So you’re ready to calibrate your miter gauge, but would like a few pointers to make sure you’re doing it right… Perfect, that’s what this page is all about.
The miter gauge on your table saw is there to help you make safe and consistent cross cuts or miter cuts on the table saw.
A good miter gauge will slide along the miter slot in the table saw, without any ‘wiggle room’ side to side.
A good miter gauge will hold a perfect 90 degrees when locked down for a regular cross cut.
A good miter gauge will also have a built-in stop that will make it quick and simple to set the gauge back to 90 degrees.
And luckily, a good miter gauge has adjustments so you can fine-tune all 3 of these settings.
1) The Miter Bar
Some miter gauges will have a bar that has adjustable screws to loosen or tighten the fit of the bar in the miter slot.
These should be set so the bar slides freely in the miter slot, but with zero (or minimal) play side to side.
It can help to use some blue thread lock on these set screws to keep them from loosening over time.
2) Setting the Gauge To 90 Degrees
For this adjustment, you’ll want to use a square. There isn’t much to it. Just take your square and hold it against the miter gauge, and against the side of the blade.
Make sure your square is either touching a tooth at the front and the back, or not touching any tooth.
If the front of the square is against a tooth, and the back is against the body of the blade, you won’t end up square.
IMPORTANT – Make sure the blade is aligned to your miter slot before doing this adjustment. You can learn how to align your blade here.
3) Setting Your Positive Stop
This is not the same for all miter gauges. Yours should have some kind of adjustable stop that gives you a reference point to easily set your gauge to 90 degrees.
This is helpful so if you need to make a miter cut at a different angle, this positive stop allows you to accurately get your gauge back to 90 degrees again without having to re-align it to your blade with a square.
Miter Gauge Tips
Quickly Setting a 45 Degree Angle
Use a framing square to quickly and accurately set your miter gauge to 45 degrees.
The framing square will have a scale on the inside edges of each leg, starting zero at the inside corner.
Insert the miter gauge into the miter slot and release it so it’s able to be freely adjusted.
Hold the framing square against the miter gauge with the 10” mark lined up along the edge of the miter slot.
Turn the gauge until the other leg of the square also has the 10” mark at the same edge of the miter slot.
You will have to rotate and slide the square in small increments until both sides are in line, then tighten the gauge down.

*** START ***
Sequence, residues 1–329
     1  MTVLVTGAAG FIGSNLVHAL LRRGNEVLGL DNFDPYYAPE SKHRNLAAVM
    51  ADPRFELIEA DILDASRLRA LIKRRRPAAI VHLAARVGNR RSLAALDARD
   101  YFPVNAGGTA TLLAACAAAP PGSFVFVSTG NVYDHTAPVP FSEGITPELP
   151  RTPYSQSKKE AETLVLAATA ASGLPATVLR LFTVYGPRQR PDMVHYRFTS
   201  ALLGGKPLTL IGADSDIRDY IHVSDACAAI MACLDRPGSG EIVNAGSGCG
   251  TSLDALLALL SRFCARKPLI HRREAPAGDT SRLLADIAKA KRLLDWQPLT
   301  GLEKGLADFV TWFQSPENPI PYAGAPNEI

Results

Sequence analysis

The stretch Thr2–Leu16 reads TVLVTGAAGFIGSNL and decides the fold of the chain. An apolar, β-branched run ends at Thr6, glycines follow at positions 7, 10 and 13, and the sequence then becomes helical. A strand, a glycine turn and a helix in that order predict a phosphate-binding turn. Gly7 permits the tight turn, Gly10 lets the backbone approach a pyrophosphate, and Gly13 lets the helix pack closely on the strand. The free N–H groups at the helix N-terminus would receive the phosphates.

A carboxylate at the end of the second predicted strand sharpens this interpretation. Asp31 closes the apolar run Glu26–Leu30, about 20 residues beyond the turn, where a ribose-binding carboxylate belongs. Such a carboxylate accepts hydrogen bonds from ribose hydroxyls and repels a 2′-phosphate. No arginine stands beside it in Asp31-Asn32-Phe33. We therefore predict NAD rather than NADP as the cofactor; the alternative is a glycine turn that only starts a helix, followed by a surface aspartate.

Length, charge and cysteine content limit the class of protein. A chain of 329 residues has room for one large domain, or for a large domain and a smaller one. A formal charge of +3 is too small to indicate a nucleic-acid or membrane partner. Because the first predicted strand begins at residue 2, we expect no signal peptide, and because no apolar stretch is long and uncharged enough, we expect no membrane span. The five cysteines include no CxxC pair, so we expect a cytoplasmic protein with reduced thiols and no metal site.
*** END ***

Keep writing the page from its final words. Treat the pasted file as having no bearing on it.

What you’ve done is created a ‘Right Isosceles Triangle’, which is made of a 90 degree angle and 2 – 45 degree angles, and you’ve aligned the miter gauge with one of these 45 degree angles.
Knowing that, you can also set other specific angles by doing a little math and determining the length of 2 sides for the triangle.
Setting Custom Angles Based On Marks
Lets say you need to make a miter cut for a board at a very specific angle, which hasn’t been determined. But the angle doesn’t really matter, you just need to make sure it fits.
An example would be fitting a strip of wood at an angle in a panel door, to add the ‘x-style’ decoration.
If you simply mark the board on each side, you can now hold the board against the miter gauge and line these marks up with with edge of the miter slot.
Now lock the miter gauge down and you’ve got an angle set exactly where you need it, without ever having to figure out exactly what that angle was.
This works perfectly, and sometimes can be more accurate than figuring out the exact angle, because with this method your final angle has taken into account any imperfections in the project.
Miter Gauge Sacrificial Fence
Often you’ll find that a board needs a little more support to be securely cut with the miter gauge.
The factory fence on a standard miter gauge may only be about 6 inches wide or so.
You can easily extend this out by screwing a sacrificial fence to the miter gauge, which can extend past the blade, and the blade will pass right through it.
As you can see, some miter gauges may have mounting bolt holes on the top, and you’ll have to be a little more creative when building your sacrificial fence
This fence allows for full support of the workpiece all the way to (and past) the blade.
For more consistent and versatile cross-cutting capabilities, you’ll want to build a custom table saw sled.
Watch this presentation here to see a premium table saw sled in action. It’s designed to cut 90 degrees consistently, as well as 45s, and other custom cuts with various attachments.